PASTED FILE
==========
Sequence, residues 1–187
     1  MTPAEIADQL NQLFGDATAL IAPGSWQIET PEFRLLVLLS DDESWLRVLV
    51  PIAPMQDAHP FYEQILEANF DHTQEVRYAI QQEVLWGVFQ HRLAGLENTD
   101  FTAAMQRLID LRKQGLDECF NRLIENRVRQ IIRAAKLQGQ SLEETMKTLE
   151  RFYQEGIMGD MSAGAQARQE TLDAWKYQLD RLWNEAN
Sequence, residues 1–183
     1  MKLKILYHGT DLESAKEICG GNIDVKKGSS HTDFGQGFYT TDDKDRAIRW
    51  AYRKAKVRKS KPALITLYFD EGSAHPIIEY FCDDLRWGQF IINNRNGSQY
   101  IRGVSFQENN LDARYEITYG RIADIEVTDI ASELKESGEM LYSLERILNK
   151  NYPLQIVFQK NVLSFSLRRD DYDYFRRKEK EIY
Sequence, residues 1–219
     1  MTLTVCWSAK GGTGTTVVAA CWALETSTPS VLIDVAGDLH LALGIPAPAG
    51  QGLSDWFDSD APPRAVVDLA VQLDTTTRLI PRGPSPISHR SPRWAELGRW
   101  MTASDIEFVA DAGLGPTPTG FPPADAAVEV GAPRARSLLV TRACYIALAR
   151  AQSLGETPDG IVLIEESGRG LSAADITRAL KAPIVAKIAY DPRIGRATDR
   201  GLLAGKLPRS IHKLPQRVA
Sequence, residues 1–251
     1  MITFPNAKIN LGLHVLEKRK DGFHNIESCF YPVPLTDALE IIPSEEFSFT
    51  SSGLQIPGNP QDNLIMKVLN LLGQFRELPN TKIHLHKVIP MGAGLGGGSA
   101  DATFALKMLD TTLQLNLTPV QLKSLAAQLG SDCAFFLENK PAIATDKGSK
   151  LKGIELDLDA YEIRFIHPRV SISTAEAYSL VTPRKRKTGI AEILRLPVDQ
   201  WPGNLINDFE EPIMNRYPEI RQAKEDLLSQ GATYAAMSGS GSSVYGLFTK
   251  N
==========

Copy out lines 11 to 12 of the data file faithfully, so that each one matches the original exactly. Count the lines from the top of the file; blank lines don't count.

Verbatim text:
Sequence, residues 1–219
     1  MTLTVCWSAK GGTGTTVVAA CWALETSTPS VLIDVAGDLH LALGIPAPAG